Back to Ablyazov. As a state official, he was accused of having embezzled a handsome pair of billions from state companies including Kazakhstan's jewel in the crown, state company KEGOC. The allegations triggered his move to form an opposition party, dubbed Democratic Choice of Kazakhstan - probably in the hope that a seat in Parliament would offer him immunity from prosecution. The party was bullied by loyalists in Kazakhstan's political arena from the very beginning, which, unfortunately, gave Ablyazov enough ammunition to claim political martyrdom later.


After having been convicted to six years behind bars, he obtained amnesty within less than a year in jail. He had to promise to stay out of politics, and did so by leaving the country for Moscow, from where he consolidated his previous career's yield, before taking the helm of TuranAlem Bank. It can now be assumed, as investigators suspect, that he used part of the embezzled cash to buy into the bank and as the biggest single shareholder obtain the position of president. Soon after his establishment as chief banker, he started issuing loans to finance real estate projects downtown Moscow, Kiev, Odessa, Minsk and other post-Soviet uppity centres. He did so through the aforementioned kind of shell companies in tropical tax paradises. According to news reports, between 8 and 12 billion dollar, or about half of BTA's entire loan portfolio, was channeled out of the country in this manner. The shell companies now appear to be empty shells, and to whom the property belongs remains unclear to those who want to recover it.


The most stunning element in the scheme is how western banks could have fallen into the trap by granting loans to a Kazakh bank without clearly identifying the collateral, its location and its value. Where did this money come from in the first place? Creditors of BTA have a lot to answer for in this regard indeed, but none of the likes of the Royal Bank of Scotland, ING Barings, Credit Suisse and their peers seem eager to explain themselves. These upstream claimants have been very noisy on the issue of late, but downstream silence keeps prevailing. The truth of the matter is that in cases like this nobody really wants to know where the money came from to begin with. In the case of Tamraz, Edmond Naim, governor of the Banque du Liban, one day admitted in a conversation on the record with yours truly: "Dirty money? Quite possibly. In that case, the money has gone elsewhere and we are left with the dirt."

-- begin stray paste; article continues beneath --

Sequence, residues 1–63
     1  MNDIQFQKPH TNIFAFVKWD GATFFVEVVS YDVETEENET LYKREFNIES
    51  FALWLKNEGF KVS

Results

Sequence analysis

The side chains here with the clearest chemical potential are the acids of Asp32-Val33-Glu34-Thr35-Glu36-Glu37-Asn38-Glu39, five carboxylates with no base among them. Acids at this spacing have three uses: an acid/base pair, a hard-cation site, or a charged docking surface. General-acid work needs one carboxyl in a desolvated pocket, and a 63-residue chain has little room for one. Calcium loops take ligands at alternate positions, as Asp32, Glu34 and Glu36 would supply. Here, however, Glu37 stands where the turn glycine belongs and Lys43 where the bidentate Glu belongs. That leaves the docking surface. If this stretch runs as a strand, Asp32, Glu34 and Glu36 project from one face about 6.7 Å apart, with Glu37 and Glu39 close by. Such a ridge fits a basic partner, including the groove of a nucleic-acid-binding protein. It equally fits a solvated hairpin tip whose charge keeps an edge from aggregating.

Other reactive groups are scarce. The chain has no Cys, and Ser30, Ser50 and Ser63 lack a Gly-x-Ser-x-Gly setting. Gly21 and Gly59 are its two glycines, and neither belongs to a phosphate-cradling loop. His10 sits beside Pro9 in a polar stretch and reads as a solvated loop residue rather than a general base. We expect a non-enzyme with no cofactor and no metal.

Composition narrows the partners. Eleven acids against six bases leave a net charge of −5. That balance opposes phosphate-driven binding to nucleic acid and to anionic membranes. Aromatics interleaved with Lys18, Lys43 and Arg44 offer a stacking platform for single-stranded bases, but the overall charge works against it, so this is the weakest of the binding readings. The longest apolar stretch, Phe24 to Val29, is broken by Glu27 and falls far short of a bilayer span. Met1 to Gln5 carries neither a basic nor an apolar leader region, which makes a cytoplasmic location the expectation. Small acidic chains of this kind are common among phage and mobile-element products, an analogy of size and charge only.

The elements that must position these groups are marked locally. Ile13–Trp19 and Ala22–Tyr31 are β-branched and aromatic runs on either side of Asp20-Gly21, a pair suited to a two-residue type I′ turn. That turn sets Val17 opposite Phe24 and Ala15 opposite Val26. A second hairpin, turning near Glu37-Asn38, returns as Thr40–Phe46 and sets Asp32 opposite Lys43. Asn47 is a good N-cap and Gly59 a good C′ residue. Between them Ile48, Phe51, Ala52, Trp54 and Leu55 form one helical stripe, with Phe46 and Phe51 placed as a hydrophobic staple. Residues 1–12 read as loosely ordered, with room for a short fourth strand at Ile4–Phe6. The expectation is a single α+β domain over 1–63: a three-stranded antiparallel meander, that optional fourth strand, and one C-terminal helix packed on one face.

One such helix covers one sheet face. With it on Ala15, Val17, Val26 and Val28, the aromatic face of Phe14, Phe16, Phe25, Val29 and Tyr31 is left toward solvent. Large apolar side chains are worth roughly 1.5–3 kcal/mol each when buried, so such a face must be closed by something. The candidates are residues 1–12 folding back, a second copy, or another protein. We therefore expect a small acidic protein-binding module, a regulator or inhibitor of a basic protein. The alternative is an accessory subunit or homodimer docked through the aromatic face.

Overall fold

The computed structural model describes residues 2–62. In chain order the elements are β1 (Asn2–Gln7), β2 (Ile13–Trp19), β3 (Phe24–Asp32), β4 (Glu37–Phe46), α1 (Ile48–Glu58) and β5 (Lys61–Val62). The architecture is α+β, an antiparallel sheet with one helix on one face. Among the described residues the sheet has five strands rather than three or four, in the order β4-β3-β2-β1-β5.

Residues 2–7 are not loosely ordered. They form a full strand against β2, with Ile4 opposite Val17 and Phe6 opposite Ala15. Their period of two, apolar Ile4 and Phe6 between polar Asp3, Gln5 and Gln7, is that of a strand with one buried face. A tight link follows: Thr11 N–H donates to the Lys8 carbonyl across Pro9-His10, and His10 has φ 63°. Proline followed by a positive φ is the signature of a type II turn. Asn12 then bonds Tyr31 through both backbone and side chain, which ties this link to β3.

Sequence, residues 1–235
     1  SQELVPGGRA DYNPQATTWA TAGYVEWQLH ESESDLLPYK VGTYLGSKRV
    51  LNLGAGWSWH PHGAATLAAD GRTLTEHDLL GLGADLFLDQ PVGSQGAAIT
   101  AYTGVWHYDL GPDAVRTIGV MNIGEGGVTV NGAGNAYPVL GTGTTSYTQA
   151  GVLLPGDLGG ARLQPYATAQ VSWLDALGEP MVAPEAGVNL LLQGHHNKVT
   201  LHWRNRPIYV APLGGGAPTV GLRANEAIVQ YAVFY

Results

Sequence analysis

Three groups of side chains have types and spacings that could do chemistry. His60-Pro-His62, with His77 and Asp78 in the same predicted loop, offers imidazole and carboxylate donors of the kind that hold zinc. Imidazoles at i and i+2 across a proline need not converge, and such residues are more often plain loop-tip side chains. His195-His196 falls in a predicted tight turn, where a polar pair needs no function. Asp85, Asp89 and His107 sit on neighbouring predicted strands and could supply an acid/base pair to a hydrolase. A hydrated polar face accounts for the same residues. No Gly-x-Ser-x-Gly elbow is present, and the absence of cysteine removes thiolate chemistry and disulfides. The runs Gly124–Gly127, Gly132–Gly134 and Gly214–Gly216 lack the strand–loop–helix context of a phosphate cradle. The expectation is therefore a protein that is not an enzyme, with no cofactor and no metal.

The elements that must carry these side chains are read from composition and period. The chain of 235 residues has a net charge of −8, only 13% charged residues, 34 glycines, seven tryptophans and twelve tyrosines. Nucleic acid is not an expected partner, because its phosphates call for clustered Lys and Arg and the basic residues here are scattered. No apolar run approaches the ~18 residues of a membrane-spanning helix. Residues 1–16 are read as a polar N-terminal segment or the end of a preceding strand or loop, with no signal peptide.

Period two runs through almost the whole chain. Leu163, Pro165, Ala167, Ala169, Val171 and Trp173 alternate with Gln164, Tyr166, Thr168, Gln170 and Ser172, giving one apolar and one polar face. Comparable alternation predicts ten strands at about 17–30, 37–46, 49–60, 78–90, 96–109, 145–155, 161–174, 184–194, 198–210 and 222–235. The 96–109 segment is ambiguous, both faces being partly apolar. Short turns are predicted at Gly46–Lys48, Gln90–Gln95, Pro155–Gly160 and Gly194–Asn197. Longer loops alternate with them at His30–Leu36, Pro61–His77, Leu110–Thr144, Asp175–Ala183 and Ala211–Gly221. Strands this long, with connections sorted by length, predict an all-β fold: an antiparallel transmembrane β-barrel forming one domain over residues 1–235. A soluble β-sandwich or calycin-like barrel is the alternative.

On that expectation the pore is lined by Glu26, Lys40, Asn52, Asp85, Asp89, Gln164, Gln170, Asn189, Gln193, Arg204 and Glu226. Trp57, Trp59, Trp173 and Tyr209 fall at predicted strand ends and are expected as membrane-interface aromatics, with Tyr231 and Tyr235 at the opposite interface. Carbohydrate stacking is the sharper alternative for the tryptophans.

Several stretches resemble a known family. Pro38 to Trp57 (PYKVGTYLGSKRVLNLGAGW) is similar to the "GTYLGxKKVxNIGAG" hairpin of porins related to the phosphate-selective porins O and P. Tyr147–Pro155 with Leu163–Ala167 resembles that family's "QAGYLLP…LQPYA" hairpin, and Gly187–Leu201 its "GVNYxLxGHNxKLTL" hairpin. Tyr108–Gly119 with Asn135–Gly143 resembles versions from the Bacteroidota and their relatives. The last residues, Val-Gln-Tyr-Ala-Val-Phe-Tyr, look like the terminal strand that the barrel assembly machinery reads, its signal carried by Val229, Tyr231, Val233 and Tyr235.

Mr. Ablyazov looks like an almost perfect clone of Roger Tamraz - except (presumably) for the CIA connection, and even there, who knows. Today, as we shall see in the next episode of this business western, he claims to have been the victim of state appropriation of private property within the framework of political oppression. On November 12, a London court of appeal confirmed the freezing of all assets belonging to Ablyazov and his associates.


Hopes are high for Ablyazov and other culprits that they could get away with most of what they have done thanks to the leniency of BTA's western creditors. "BTA, Kazakhstan's biggest bank, has agreed a deal with creditors who will write off $7.7bn in debt and interest owed as part of a wave of restructuring in the country's banking system," The Financial Times reported on December 9. "BTA and a committee of international creditors signed a term sheet on Monday setting out the principle commercial terms of its proposed financial restructuring. The creditors' committee includes ABN Amro, -Commerzbank, Standard Chartered, ING, KfW, and funds DE Shaw, and Fortis Investment Management. The plan will involve reducing BTA's total debt, principal and interest from $12.3bn to $4.6bn. In exchange lenders will get a choice of different packages of instruments to swap their claims into."


Hopes that not only what happened can come into the open but even part of the money stolen by Ablyazov and associates have been raised in the recent London court case. "London's High Court ruled today (12 November) to maintain a freezing order restricting the assets of BTA Bank's ex-chairman, Mukhtar Ablyazov, and other former managers," Debtwire, a British news service monitoring business-related court cases reported. "Court sessions held on the matter last week shed new light on BTA's old ownership structure and the evidence both sides will rely upon in the multi-billion-dollar fraud case that will follow the asset freeze decision. Presiding Mr Justice Teare ruled to continue the asset freeze, which was originally granted on 13 August, after considering the defence's arguments during hearings last week. The case is part of BTA Bank's broader attempt to recover billions of dollars that it says were misappropriated under its former management. The bank claims the fraudulent activities took place before BTA's nationalisation in February 2009 by Kazakhstan's sovereign wealth fund, Samruk-Kazyna."